I'm frightened of big snakes, and if I ever saw an anaconda or python in the wild I would no doubt freak. I guess for most humans that would be a normal reaction.
At a safe distance, though, snakes are fascinating creatures. We especially like seeing stories and photos about gargantuan snakes. The bigger the more gripping (as long as it's not gripping us). Recently, two interesting reports have surfaced in the news about our serpentine friends. One, a supposed 100 ft. snake was photographed from a helicopter in the Baleh River in Borneo. This photo, if true, matches local legends of giant serpent sightings over the centuries.
However, the general consensus is that the photo is a fake, created by Photoshop or some similar program. What convinced me is the proportion of the snake's size to the rest of the scene. Assuming all of those little green blobs are jungle trees, the snake in proportion would be much larger than 100 ft.
There are a few other problems too, backed up by scientific facts. One, there would have to be other very colossal snakes in the area to sustain a breeding population. Maybe not all 100 ft ones, but certainly larger than any snake now existing.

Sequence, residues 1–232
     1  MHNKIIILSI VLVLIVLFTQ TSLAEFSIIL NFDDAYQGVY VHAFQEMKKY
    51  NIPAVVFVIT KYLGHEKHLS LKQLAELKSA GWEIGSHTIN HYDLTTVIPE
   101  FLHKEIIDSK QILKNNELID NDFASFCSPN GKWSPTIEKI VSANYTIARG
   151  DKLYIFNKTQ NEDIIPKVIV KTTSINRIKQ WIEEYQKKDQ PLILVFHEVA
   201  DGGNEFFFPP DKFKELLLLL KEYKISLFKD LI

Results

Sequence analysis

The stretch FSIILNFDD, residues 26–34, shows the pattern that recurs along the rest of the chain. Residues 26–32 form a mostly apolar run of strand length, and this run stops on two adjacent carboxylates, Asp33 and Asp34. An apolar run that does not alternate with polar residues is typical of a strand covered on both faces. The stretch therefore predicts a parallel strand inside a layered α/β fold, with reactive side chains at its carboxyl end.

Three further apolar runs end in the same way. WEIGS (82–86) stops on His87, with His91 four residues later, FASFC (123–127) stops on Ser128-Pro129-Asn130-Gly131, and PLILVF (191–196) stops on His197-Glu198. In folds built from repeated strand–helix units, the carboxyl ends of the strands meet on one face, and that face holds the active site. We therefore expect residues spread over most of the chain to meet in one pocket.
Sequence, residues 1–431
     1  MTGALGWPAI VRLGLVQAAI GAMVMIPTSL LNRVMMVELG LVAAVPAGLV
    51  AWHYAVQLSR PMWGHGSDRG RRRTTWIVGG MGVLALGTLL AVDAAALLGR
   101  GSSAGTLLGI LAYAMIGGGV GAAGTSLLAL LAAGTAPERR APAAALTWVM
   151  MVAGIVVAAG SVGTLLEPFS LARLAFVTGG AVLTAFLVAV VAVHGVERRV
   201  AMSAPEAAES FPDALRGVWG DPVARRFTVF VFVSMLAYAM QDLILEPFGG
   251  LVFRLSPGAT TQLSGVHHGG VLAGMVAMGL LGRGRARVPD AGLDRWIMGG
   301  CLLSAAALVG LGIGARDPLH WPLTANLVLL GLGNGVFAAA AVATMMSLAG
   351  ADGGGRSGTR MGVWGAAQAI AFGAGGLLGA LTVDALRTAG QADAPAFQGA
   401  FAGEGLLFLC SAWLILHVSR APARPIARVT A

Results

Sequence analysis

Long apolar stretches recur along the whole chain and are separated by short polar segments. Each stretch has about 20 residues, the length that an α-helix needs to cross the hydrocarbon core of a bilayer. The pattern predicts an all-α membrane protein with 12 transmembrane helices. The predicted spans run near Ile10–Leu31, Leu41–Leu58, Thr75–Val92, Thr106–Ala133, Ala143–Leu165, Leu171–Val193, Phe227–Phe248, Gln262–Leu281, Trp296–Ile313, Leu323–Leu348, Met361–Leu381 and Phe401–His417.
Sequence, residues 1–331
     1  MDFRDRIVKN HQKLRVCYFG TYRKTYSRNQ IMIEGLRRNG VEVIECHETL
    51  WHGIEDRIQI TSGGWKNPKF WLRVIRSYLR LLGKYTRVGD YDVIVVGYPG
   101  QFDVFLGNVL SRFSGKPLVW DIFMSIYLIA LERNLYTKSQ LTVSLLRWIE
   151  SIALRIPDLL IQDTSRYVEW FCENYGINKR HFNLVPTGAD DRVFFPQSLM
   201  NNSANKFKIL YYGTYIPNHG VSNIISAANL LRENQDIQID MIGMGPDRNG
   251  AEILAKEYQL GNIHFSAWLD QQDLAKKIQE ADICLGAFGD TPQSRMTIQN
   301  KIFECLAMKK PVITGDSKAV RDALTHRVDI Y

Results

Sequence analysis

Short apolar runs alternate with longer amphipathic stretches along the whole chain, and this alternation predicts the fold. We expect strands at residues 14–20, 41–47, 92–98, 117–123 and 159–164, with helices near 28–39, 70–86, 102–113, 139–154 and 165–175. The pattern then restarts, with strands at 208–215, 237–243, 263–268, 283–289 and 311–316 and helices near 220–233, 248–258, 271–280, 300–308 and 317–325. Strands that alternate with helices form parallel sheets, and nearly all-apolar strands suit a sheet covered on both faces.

Another reason why a 100 ft. snake is unlikely to exist, is that snakes are cold-blooded. A snake of this size, in order to sustain enough energy, would require very high tropical temperatures. We know this from the fossilized remains of a real giant snake, the Titanoboa, that lived 60 million years ago in Northern Columbia. This snake was 43 ft. long and lived in a tropical forest habitat with temperatures ranging consistently around 86-93 degrees.
The Titanoboa, related to the boa snakes that live today, is the largest prehistoric snake ever known. How big are the largest snakes now living? Well, they're little minis compared to the Titanoboa, though you still wouldn't want one slithering around in your back yard. The Asian Reticulated Python holds the record has the longest snake at 33 ft. Anacondas, also gigantic snakes averaging 20 ft., are not as long as pythons but have more girth and are very powerful. To give you an idea, here is the vertebrae of the Titanoboa compared with an Anaconda living today! Besides this photo is a real Anaconda. Either one is colossal enough for me!